Vogue Greece’s Fashion Features Director Elis Kiss talks to IN+SIGHTS GREECE about how Greek fashion brands are gaining increasing momentum globally.
With 20+ years of hands-on experience in the Greek and international fashion world, Elis has developed a profound understanding of Greek designers great and small and closely follows their every move. Aside from her work at Vogue Greece, she regularly features as a speaker at fashion-related events, panels, and TV shows. In this interview, she shares her personal and professional insights on Greek fashion and style and offers readers her top tips.
What drew you to the fashion world?
I was always interested in my own way. I remember going around with a notebook when I was around 12 in which I would draw my ‘weekend collection’ and I’d pretend that, say today, I’m wearing my pink dress with my rubies or my lilac dress with my diamonds. The dress would always be simple, and I would combine that in my head with a set of jewellery – necklace, earrings, ring, and bracelet!
But the defining moment came when I was living in Paris in the ‘90s and I was fortunate enough to become the assistant to Suzy Menkes, who was at the time the Fashion Editor and a leading fashion critic at the International Herald Tribune. Her stories always covered the fashion world in a more holistic way, offering a very in-depth view of what fashion is about and how it related to what’s going on in the world. Also, because she’s such a brilliant writer, you could feel that you were touching the clothes she described. Being her assistant for a number of years was a real eye-opener; I learned a lot.
What are the greatest changes you’ve noted in Greece’s fashion industry?
Greek fashion has had a lot of great moments, but it has never been an industry. It has been more about individual designers working on smaller collections. However, more and more Greek designers are selling abroad and on digital platforms, which makes it an exciting time.
Right now, what’s interesting is that during the Greek financial crisis a wave of Greek brands emerged on the global digital platform, taking an old concept but making it very appealing. Of course, there are many designers who are doing really well here and abroad without touching on their Greekness.
By now there’s an exceptional variety of top-quality designers, each with individual styles. This is a good time for Greek fashion, and a part of that is the idea of creating a new designer’s association, which means the more established, mainstream Greek designers will join forces and work together to develop projects, help each other in a more dynamic way.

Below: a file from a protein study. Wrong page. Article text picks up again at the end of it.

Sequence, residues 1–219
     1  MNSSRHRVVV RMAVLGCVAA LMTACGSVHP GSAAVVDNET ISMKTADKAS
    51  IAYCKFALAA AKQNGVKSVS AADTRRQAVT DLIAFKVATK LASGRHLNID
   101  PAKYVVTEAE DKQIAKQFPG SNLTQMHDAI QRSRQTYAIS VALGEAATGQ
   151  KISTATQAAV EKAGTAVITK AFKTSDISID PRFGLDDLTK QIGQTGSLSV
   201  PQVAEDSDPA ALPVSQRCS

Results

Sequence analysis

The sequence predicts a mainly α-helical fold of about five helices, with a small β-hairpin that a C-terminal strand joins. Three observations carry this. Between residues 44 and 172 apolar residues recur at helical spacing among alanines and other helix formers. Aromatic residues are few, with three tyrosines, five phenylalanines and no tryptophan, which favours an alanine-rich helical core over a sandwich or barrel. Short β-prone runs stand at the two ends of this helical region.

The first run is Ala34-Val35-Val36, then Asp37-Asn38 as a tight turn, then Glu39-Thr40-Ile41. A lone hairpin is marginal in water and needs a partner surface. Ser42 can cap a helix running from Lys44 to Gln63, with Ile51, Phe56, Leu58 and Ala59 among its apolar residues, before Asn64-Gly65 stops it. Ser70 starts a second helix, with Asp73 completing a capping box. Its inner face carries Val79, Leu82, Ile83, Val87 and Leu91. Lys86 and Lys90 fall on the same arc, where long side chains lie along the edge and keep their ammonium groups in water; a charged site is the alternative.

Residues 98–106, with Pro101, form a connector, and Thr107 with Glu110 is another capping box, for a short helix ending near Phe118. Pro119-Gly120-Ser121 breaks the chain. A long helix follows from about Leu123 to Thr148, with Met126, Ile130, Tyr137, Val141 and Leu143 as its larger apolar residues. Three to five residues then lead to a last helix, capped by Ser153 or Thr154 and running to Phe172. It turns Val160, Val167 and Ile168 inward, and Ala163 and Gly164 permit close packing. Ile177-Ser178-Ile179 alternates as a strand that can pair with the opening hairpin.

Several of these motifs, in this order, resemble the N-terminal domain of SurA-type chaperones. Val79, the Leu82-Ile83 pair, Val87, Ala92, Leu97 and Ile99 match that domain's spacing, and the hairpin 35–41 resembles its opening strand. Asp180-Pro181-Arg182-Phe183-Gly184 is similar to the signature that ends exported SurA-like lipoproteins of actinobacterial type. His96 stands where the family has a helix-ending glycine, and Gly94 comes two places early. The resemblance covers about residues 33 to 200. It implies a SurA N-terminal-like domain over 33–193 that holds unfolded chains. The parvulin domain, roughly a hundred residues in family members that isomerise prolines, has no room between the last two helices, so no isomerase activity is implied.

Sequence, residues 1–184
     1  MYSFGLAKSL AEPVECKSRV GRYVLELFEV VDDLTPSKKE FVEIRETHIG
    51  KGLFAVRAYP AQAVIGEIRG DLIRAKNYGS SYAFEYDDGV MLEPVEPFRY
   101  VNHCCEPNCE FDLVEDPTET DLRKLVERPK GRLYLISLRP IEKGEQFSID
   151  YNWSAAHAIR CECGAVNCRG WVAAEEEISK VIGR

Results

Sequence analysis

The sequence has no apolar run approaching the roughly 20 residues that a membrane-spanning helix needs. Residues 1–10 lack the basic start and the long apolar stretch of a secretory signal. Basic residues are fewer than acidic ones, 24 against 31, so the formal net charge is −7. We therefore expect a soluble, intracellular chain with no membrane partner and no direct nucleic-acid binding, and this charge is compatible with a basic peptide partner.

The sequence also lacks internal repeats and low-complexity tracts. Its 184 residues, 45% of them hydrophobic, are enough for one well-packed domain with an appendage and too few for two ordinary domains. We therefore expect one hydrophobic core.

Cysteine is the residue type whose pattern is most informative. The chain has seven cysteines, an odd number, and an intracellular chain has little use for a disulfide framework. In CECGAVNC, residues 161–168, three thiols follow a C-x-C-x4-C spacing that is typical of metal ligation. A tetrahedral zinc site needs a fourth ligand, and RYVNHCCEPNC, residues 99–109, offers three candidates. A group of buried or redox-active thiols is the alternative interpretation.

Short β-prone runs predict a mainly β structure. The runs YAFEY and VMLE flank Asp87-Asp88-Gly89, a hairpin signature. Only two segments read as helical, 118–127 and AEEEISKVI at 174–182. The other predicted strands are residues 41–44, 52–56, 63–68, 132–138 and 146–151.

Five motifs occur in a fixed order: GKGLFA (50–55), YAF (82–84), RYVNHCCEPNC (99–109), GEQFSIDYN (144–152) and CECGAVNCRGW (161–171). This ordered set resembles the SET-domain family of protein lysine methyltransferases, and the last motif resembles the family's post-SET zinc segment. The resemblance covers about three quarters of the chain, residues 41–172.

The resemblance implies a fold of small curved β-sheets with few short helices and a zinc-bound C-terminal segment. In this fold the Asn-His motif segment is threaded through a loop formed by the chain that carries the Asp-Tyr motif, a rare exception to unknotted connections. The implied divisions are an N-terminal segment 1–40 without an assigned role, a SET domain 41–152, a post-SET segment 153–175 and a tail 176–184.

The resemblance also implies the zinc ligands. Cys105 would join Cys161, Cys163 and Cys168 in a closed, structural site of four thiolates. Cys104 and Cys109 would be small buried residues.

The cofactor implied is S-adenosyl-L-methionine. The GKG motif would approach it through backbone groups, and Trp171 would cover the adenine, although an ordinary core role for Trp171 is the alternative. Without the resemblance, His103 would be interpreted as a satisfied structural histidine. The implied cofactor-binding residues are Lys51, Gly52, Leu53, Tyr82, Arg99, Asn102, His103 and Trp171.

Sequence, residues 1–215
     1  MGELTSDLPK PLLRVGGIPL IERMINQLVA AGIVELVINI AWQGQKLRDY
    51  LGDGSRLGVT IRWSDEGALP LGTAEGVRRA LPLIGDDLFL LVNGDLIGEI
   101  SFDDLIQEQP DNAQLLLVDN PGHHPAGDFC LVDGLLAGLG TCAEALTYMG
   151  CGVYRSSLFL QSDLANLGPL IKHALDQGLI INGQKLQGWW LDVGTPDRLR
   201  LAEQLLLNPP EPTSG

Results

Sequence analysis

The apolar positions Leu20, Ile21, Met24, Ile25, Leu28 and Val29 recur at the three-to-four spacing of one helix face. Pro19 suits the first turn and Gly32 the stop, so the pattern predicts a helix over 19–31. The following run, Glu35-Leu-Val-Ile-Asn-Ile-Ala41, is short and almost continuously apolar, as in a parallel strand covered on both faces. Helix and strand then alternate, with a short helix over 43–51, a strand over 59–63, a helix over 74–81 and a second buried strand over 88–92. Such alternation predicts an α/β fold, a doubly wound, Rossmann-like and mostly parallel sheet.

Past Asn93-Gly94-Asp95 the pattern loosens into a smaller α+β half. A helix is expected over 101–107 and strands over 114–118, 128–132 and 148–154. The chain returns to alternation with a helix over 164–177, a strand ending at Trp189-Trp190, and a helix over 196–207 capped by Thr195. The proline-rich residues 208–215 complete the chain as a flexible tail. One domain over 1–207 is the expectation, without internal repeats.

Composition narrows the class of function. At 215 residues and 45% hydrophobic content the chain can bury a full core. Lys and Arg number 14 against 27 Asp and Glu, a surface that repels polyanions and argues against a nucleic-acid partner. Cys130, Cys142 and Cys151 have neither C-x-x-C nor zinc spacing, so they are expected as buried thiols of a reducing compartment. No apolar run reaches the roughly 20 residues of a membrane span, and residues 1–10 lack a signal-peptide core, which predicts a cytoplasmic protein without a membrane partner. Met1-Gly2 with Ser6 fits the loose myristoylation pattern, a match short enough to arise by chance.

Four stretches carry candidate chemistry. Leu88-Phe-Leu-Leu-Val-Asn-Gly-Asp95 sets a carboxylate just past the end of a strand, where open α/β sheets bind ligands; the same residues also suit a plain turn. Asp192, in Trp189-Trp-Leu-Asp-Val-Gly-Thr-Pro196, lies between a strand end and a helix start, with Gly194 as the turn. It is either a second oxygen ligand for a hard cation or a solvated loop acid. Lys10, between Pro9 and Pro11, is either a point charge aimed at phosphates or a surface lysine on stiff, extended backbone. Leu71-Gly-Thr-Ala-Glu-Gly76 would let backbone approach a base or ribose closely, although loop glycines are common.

What would be your top suggestions for fashion-conscious visitors to Greece?
I think if we’re talking high fashion they should stroll through Kolonaki and Syntagma and see the great boutiques by some of Greece’s best designers. Streets like Valaoritou and Voukourestiou and surrounding streets are lined with dazzling jewellery and fashion shops – the Aesthet store on Valaoritou carries a good selection of Greek brands, while the i-D concept store in Kolonaki showcases forward-looking Greek creative jewellery. Also for jewellery definitely visit the Lalaounis Jewellery Museum and the Eleni Marneri Gallerie. Also, go to Monastiraki and Plaka and buy a pair of leather sandals or original items that are crafted beautifully.
What are your personal ‘style tips’ as Vogue’s Fashion Features Director?
Common sense is a top tip because a lot of people go overboard for no particular reason! You see a lot of well-groomed people out there but it’s too much, too perfect, there’s no personality.
You have to be yourself and know yourself. Imagination is vital too, but the most important thing is confidence. What I don’t like today is what I call the ‘reality show aesthetic’ – fake body parts, same faces, same styles.
It’s important to go beyond fashion and trends. What you like doesn’t always suit you. Nowadays you’re no longer limited to what you see at the stores, you can find wonderful things online made by all kinds of designers.
Play around with what you have. There are things that you love and haven’t worn in ages but you can find new ways to wear them again by making simple changes and using different accessories.
Buy less and buy better quality. We need to start buying things we will keep for a long time, so we need to fall in love with what we buy. We should always think twice before we shop and have a little fling with it – not necessarily a mega-passion but it should have something you really enjoy. Sustainability is essential. We need to adapt our way of life because there’s no other way.